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Am J Clin Nutr. 2015 Apr;101(4):768-74. doi: 10.3945/ajcn.114.096776. Epub 2015 Jan 28.

Factors affecting food choices of older adults from high and low socioeconomic groups: a discrete choice experiment.

Author information

1
From the Department of Public Health, Erasmus University Medical Centre, Rotterdam, The Netherlands.

Abstract

BACKGROUND:

Healthiness, price, and convenience are typically indicated as important motives for food choices; however, it is largely unknown to what extent older adults from high and low socioeconomic groups differ in these underlying motives. A discrete choice experiment (DCE) is an innovative way to elicit implicit motives for food choices.

OBJECTIVE:

The aim was to investigate differences in food motives between socioeconomic groups by means of a DCE.

DESIGN:

A DCE was carried out during a face-to-face interview among older adults as part of the Health and Living Conditions in Eindhoven and surrounding cities (GLOBE) cohort study, The Netherlands. Participants (n = 399; mean age: 63.3 y) were offered a series of choice sets about a usual dinner at home and were asked to choose in each choice set between 2 meals and an opt-out choice, with different combinations of attribute levels. We included 5 meal attributes (taste, healthiness, preparation time, travel time to shops, and price) and 3 or 4 levels for each attribute. Data were analyzed by multinomial logit models.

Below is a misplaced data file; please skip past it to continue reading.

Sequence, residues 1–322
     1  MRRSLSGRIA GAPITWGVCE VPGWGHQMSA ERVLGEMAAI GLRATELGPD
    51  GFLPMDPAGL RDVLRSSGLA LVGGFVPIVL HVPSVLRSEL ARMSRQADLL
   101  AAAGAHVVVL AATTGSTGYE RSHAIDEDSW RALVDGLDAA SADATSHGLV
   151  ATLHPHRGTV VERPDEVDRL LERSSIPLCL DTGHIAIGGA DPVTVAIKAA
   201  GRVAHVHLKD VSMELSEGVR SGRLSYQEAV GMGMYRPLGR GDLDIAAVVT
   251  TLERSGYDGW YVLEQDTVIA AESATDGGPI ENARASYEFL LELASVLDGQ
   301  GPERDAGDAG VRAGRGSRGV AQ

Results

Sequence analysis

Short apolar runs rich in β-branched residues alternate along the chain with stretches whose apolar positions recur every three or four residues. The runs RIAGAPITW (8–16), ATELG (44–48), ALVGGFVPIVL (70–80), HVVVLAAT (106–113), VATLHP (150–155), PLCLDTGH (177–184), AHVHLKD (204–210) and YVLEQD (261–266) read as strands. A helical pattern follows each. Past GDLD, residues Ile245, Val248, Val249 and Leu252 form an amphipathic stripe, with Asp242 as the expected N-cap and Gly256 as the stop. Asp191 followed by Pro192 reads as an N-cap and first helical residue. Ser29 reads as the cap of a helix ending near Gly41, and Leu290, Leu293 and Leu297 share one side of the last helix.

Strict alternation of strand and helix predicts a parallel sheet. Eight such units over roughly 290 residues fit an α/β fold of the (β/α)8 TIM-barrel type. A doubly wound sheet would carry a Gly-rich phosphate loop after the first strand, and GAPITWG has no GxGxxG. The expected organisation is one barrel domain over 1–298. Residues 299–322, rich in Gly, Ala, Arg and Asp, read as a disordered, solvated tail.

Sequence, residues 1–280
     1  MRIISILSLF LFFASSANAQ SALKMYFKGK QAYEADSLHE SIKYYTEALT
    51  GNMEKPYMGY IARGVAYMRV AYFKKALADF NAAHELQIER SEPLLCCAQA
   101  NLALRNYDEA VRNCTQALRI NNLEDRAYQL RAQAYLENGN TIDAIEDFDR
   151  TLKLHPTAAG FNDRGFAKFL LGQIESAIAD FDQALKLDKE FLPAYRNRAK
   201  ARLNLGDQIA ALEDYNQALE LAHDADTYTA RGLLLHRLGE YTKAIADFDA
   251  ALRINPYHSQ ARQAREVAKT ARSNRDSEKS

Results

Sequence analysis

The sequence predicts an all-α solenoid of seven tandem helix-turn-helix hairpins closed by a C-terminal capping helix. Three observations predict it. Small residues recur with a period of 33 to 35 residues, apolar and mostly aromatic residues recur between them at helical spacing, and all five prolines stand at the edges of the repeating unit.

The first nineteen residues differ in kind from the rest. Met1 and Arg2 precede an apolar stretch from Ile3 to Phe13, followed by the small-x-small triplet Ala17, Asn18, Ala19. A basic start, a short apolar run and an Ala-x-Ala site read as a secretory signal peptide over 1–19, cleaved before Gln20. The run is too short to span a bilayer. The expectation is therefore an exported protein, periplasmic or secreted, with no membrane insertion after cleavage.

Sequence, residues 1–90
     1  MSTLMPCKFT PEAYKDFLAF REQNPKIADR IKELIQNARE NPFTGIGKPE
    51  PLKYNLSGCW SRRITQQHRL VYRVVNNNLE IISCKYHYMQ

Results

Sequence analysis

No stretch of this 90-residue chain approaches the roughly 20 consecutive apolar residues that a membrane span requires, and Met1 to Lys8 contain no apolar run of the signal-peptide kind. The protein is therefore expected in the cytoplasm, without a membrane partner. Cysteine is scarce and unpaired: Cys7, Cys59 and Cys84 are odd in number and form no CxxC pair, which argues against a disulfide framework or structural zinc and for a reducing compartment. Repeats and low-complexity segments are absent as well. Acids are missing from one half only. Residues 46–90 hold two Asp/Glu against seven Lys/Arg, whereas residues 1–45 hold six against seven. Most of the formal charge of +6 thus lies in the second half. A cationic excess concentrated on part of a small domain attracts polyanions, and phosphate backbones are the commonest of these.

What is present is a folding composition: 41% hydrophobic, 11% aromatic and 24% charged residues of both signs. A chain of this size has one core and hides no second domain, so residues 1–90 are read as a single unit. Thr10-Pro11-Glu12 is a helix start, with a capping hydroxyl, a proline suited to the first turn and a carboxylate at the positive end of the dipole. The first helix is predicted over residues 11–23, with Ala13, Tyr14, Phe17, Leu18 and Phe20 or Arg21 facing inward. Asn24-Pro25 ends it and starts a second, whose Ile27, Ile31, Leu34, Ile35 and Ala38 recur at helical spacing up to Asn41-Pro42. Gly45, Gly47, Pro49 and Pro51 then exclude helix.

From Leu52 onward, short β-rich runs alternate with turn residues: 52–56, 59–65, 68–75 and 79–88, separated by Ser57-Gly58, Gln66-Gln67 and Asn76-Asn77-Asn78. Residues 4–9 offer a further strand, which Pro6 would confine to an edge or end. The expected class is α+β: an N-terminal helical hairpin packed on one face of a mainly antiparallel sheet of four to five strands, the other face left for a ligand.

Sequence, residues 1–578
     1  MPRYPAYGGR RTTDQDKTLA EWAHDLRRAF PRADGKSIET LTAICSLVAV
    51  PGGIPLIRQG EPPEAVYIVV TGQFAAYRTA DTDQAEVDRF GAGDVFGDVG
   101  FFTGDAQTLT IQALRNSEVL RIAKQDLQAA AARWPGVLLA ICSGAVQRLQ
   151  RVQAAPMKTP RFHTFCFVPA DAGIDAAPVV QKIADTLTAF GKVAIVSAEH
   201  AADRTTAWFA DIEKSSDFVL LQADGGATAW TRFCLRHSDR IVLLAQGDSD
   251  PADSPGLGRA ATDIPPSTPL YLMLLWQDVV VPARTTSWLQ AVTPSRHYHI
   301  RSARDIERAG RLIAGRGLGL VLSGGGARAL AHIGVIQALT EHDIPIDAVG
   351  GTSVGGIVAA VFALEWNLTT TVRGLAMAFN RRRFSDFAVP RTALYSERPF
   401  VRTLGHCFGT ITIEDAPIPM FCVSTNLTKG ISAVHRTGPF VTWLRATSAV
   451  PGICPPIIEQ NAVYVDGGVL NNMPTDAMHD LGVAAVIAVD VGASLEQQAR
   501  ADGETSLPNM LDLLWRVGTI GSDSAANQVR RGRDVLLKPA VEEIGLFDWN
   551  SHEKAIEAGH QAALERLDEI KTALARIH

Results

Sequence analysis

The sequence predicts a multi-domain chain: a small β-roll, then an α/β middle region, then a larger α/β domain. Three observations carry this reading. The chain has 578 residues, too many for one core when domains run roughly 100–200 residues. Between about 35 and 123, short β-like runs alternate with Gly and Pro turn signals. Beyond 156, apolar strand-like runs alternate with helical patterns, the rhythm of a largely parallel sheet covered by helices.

RESULTS:

Healthiness, taste, price, and travel time to the grocery store proved to significantly influence older adults' meal decisions; preparation time was not significant. Healthiness was the most important attribute for all of the participants. More highly educated participants rated a healthy and less expensive meal to be more important than did less educated participants. Those with a high income rated a meal that was healthy and very tasteful to be more important than did those with a lower income.

CONCLUSIONS:

Healthiness, taste, price, and travel time to grocery shops influenced older adults' meal decisions. Higher socioeconomic groups valued health more than did lower socioeconomic groups. DCEs represent a promising method to gain insight into the relative importance of motives for food choices. This trial was registered at www.isrctn.com as ISRCTN60293770.

KEYWORDS:

DCE; food; food attributes; motives; older adults; socioeconomic position

PMID:
25833974
DOI:
10.3945/ajcn.114.096776
[Indexed for MEDLINE]

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